Can I change my mind after I have signed a Health Care POA? Yes, but be sure to notify your doctor, health care provider, and health care agent, particularly if you are receiving medical care.

How can I get a Health Care POA form? Links to the Nebraska Supreme Court health Care POA forms and brief instructions on completing and executing the form are at the end of this publication. There, you will also find a link to a Nebraska Department of Health & Human Services publication, Surrogate Decision Making Guide. This publication has helpful information regarding services available to senior citizens, including Nebraska health care POA and living will forms. Check with your physician and local hospital. They may have health care POA forms and will usually have living will forms for you. The Nebraska Medicine Advance Directives brochure is extremely helpful, especially regarding how your preferences for treatment options and expected health outcomes can be incorporated into your health care POA. Their advanced directive form (combining a health care POA and a living will in a single form) is very helpful. You may also work with an attorney to develop customized advanced directives documents that more clearly and precisely express your desires.

How do I determine what to include in my advanced directives documents? It may be best to get the form or forms you are interested in and go through them with your doctor. Your doctor will be able to explain what the medical choices are, and what the effects of selecting certain options would mean for your future health care. If you want something that is more detailed than the typically very simple, basic online forms regarding your medical care options, consult your attorney.

After you have developed your advanced directives documents, you may wish to discuss them with your family so that they understand what your wishes are and why you made the specific health care choices you did. Some or all of your family may not agree with your choices but, after they have expressed their opinions, the final decision is up to you.

When you have finalized your advanced directives document or documents, you must sign them in front of two adult witnesses or else before a public notary. Not everyone can be a witness, so details are important here. Give a copy to your physician so it will be part of your medical records, to your local hospital and to your health care agent. You can take a copy with you if you travel away from home. It is a good idea to review your health care POA documents with your physician and/or attorney annually.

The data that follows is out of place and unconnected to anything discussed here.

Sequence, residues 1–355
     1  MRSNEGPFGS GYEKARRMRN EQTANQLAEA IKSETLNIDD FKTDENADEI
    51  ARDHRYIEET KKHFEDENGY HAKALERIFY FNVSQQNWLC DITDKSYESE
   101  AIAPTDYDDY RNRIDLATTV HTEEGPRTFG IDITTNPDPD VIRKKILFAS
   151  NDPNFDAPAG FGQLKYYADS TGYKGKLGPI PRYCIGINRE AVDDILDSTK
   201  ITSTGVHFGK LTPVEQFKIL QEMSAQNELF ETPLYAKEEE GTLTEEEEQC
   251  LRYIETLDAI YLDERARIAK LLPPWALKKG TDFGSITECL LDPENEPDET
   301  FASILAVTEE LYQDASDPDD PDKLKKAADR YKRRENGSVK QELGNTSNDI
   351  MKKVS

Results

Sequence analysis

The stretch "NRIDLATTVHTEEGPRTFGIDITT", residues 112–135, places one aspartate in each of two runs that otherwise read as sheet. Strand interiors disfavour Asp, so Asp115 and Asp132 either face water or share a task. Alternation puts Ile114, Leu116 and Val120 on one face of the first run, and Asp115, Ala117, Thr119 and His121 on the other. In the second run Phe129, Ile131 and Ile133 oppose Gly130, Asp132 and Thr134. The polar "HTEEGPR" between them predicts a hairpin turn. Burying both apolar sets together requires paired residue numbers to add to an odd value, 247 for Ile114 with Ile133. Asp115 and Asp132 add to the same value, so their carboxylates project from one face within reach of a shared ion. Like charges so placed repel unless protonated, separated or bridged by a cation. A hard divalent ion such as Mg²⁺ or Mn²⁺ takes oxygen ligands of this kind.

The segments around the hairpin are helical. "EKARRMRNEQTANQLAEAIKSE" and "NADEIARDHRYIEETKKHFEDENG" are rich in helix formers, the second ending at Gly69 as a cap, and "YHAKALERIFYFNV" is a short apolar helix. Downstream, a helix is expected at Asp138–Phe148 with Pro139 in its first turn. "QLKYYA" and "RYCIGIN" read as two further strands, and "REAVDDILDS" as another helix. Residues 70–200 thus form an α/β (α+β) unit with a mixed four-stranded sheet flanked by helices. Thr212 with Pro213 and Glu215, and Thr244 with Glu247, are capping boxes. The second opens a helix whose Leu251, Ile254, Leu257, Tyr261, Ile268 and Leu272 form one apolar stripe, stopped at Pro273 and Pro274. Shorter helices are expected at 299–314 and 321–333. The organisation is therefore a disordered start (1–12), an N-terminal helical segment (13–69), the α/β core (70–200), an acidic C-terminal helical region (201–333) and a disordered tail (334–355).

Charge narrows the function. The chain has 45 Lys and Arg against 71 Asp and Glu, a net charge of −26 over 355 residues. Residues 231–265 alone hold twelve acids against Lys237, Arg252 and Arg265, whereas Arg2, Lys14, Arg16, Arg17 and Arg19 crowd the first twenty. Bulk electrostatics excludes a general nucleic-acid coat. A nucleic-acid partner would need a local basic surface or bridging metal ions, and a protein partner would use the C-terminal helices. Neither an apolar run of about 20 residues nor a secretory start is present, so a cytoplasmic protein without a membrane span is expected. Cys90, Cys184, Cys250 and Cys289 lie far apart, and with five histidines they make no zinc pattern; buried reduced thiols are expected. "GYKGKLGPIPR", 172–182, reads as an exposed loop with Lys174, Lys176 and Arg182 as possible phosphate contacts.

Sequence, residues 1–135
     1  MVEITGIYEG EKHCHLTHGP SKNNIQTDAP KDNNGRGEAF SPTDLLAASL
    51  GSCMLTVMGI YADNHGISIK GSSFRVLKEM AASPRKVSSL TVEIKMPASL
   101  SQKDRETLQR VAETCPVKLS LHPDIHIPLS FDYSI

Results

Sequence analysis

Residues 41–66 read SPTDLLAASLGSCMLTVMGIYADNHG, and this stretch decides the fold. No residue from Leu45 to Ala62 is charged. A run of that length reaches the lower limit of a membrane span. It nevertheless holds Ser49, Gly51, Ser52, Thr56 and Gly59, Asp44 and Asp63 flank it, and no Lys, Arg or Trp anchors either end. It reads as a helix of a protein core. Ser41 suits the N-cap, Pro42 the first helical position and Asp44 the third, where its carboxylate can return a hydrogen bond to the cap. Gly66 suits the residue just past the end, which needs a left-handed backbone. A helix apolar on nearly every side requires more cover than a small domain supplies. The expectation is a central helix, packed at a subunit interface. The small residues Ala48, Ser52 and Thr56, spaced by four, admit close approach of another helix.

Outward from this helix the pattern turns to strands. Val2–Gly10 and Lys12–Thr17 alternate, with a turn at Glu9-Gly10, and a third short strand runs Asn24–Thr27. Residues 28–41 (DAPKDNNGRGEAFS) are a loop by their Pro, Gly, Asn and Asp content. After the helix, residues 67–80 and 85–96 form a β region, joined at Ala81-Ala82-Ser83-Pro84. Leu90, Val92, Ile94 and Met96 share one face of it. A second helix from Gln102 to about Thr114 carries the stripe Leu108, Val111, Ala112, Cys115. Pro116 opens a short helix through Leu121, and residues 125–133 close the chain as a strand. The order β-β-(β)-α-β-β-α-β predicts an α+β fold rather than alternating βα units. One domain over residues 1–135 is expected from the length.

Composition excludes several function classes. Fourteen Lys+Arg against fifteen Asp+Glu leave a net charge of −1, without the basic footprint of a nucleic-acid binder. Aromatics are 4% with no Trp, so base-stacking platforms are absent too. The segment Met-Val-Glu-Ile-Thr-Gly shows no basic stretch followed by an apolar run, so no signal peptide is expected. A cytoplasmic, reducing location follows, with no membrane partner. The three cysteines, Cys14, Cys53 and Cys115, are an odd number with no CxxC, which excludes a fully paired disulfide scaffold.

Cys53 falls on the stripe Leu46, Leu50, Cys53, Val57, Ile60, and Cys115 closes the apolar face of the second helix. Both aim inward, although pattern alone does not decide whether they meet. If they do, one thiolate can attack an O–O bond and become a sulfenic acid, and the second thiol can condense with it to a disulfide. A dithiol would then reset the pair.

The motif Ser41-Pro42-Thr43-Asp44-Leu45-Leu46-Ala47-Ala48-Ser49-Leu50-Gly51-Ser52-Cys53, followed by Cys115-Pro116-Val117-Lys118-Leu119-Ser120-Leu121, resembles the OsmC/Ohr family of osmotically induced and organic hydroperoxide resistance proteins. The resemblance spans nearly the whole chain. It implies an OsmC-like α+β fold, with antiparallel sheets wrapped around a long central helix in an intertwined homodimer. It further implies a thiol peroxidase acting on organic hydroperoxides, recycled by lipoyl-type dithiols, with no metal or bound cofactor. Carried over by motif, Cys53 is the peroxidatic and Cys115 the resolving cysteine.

Who cannot legally serve as a witness for your signing your health care POA? Your (1) spouse, (2) parent, (3) child, (4) grandchild, (5) sibling, (6) presumptive heir, (7) someone (relative or non-relative) for whom it is known at the time when the POA is signed that they stand to inherit under your will; (8) your attending physician; (9) the named health care POA agent; and (10) an employee of the company that has issued you a life or health insurance policy. No more than one witness can be an administrator or employee of a health care provider currently caring for or treating you.

Who cannot legally serve as a witness for your signing your living will? An employee of the company that has issued you a life or health insurance policy. No more than one witness can be an administrator or employee of a health care provider currently caring for or treating the principal.

Additional Resources

Nebraska Department of Health & Human Services, Surrogate Decision Making Guide. http://dhhs.ne.gov/Pages/Aging-Ombudsman.aspx then scroll down the screen and near the bottom, “click on Surrogate Decision Making Guide”. Includes health care POA and living will forms.

Nebraska Supreme Court POA forms and instructions – for both general and health care POAs: https://supremecourt.nebraska.gov/self-help/medical/power-attorney-medical

Nebraska Medicine, Advanced Directives. https://www.nebraskamed.com/patients/rights-responsibilities/advance-directive-living-will then click on “advanced directives brochure” which is very helpful. You can also print simple living will and health care POA forms from this page.

Joe Hawbaker, Health Care Powers of Attorney & Living Wills: Advance Health Care Directives. https://farmerandrancher.org/articles/ and click on “health care powers of attorney & living wills advance health care directives ”. There are many other helpful documents by Mr. Hawbaker, an Omaha attorney, on this web page pertaining to estate planning for Nebraska farm and ranch families.

J. David Aiken
Professor, Water and Agricultural Law Specialist
Department of Agricultural Economics